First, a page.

Karaoke used to be an activity to let go, sing the chorus and connect with friends for this 3-hour slot you have in a cozy private room.
But since the success of the pandemic, the KTV (karaoke and TV) industry has ceased to operate for more than a year. No income, to brands like Karaoke Manekineko i Teo Heng KTV they have closed all their outlets in Singapore due to COVID-19.
Back in Malaysia, employees have experienced up to 80% of pay cuts, unpaid layoffs and forced restrictions. That is according to this message to the National Security Council shared by Neway i Karaoke Manekine Malaysia on their Facebook pages in February 2021.
“All karaoke operators are already in a serious financial crisis due to the zero income of the last 12 [now 15] months. The government must seriously address this situation before setting aside the family karaoke industry, ”wrote Karaoke Manekineko Malaysia.
The only certainty is uncertainty
Of course, the first announcement of the MCO in 2020 was a shock to all sectors, as it was the first time that meetings and dinners had to be stopped. Many revolted, held emergency meetings and were afraid of what would come next.
By now, it’s been over a year, and with 3 MCOs and a current average of 6,000 daily COVID-19 cases, this battle is far from over. It has gotten to the point that even citizens can probably predict at least a week in advance when the next MCO would pass.
Since karaoke brands have been closed during closures and even at the CMCO, Red Box karaoke the group’s general manager, Dr. Giovann Ng, shared that they are used to it too. He told Vulcan Post that the team recognizes when the next closure will be ordered and that they are ready to close before the closures are officially announced.
Karaoke Manekineko Malaysia even decided to do it voluntarily stop operations for a couple of outlets when they noticed that cases were rising again in January 2021.
But Damien Soh, Loud Speaker founder and president, admitted that his team is far from baffled by the MCOs.
“Our destiny is not in our hands and, ironically, the only certainty we can predict is uncertainty. Even when our prime minister assured us that there will be no more general MCOs after MCO 2.0, we are now starting MCO 3.0 two months later, ”he recalled frustrated.
“So yes, every MCO ad is still a shock to us. And are we used to it? Maybe we’re getting used to not being too hopeful. ”
The president added that the persistent start and stop of his company’s recovery process has worsened the morale and spirits of his team as they fear their livelihoods.
What other revenue streams do KTV brands have?
All companies need to find a way to adapt or risk closing down when cash reserves run out. While gyms they could earn income from their homemade training packages, stroking zoos like Farm in the city they were able to sell their memories.
And some KTV brands realized they also had something to offer during closing: their food. Part of the karaoke experience is the free flow of drinks, buffet food and snacks from the bar to share with friends and family.
Red Box Karaoke began offering meals through GrabFood and EASI, while Neway Karaoke Box partnered with Asian store MIX to deliver their food and snacks. Karaoke Manekineko Malaysia sold packets of beer that came with vouchers that customers could claim for karaoke sessions at their establishments once they were safe again.
Loud Speaker was completely inactive during the MCO, despite trying to sell tickets online to members. Skeptical about the sustainability of this movement, they quickly grabbed the cap and suffered absolute losses while locked up.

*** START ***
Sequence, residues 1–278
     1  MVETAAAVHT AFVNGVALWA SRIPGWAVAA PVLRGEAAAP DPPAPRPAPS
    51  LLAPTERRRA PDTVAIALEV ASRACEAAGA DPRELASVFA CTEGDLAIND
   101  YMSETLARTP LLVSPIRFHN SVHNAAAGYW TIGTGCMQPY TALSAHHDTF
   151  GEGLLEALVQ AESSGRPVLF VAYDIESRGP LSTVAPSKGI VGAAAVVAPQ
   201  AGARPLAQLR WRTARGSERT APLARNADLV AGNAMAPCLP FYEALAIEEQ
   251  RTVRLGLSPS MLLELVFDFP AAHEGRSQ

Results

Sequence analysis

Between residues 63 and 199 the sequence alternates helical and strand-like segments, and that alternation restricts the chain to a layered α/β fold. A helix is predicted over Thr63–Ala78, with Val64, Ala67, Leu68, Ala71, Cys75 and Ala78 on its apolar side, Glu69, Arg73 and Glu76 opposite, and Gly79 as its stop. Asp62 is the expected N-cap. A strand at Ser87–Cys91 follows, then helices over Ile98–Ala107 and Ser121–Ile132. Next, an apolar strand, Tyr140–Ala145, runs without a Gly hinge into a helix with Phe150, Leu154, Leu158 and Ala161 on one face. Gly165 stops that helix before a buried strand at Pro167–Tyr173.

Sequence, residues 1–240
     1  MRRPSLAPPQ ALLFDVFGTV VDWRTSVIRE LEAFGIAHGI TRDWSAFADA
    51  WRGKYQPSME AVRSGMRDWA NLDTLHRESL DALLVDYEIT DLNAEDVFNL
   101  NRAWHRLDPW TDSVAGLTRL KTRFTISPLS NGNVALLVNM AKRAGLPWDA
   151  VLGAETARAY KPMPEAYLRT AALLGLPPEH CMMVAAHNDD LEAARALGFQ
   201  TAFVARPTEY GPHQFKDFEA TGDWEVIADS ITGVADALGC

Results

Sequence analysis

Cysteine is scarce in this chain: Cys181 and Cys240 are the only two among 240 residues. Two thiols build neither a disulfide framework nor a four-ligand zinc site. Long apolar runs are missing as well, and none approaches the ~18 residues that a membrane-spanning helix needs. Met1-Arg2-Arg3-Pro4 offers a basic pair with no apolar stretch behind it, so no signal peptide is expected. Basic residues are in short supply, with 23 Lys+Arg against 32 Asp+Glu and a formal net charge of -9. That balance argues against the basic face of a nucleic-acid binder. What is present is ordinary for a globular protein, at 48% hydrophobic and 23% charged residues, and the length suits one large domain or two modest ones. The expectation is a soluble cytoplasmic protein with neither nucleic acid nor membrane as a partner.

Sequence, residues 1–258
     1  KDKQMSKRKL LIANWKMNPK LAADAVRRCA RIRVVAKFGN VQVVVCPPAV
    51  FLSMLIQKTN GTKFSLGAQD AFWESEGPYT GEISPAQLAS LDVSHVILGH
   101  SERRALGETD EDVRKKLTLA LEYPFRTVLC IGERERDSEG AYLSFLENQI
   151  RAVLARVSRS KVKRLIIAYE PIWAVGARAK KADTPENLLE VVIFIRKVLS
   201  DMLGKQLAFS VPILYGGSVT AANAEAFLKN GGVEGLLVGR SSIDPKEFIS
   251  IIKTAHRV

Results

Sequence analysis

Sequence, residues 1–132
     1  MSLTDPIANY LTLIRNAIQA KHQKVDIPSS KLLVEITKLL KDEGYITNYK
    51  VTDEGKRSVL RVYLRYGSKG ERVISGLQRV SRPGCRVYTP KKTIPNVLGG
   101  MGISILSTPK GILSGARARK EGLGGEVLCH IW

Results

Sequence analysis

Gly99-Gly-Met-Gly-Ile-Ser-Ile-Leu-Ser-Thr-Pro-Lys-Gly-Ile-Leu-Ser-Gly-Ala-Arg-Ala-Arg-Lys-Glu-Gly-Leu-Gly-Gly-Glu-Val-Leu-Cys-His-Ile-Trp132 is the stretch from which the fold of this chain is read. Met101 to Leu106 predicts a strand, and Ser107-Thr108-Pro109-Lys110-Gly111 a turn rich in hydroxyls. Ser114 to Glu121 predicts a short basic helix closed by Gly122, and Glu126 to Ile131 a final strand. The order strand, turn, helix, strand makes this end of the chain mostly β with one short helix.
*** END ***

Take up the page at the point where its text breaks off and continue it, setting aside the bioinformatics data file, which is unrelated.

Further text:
“We have not considered asking for help from the public, as this pandemic affects the livelihood of everyone and not just our business,” shared Damien, who preferred to accept only monetary support from customers in exchange for their basic services a once they can operate again.
And for a brief moment, there was some hope. When they were allowed to open after MCO 1.0, a large number of eager customers again showed their support.
However, the brand had to limit room occupancy to 50% of its original capacity to meet social distancing measures. That is, if a room is supposed to accommodate 4 people, only 2 people would be allowed to enter at a time.
Damien explained that Loud Speaker has so far only been able to operate for a total of 6 months since March last year until now. He also remains fearful of what the family karaoke industry would be like if the pandemic continues.
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Family karaoke is just one of the biggest entertainment industry sectors to suffer amid blockages; cinemas great i small they have already fired. According to Damien, considered less essential among other “non-essential” companies, entertainment services are always the first sector to be ordered to close and reopen last.
While selling vouchers for your services can help with your somewhat short-term cash bookings, the real change will only occur when you can fully enjoy leisure activities again.
Damien concluded, “All we want is for everyone to be able to meet the PCOS to fight COVID-19 together as a nation, as a Malaysian. You may think that an individual can do nothing. But let it be the change you want to see. We may not eliminate COVID-19 altogether, but together we can stop its spread ”.
It is worth remembering that each person has a role to play in flattening the curve once again. We’ve done it before and, with the deployment of the vaccine, which is picking up its pace, we can do it again. You can do your part by registering as an individual and registering your file dependent on MySejahtera, or if you are an entrepreneur, register your company to obtain Sinovac vaccines for your employees.
- You can find more information about Loud Speaker here, and Red Box Karaoke here.
- You can read about other topics related to MCO here.
Featured Image Credit: Karaoke Loud Speaker / Red Box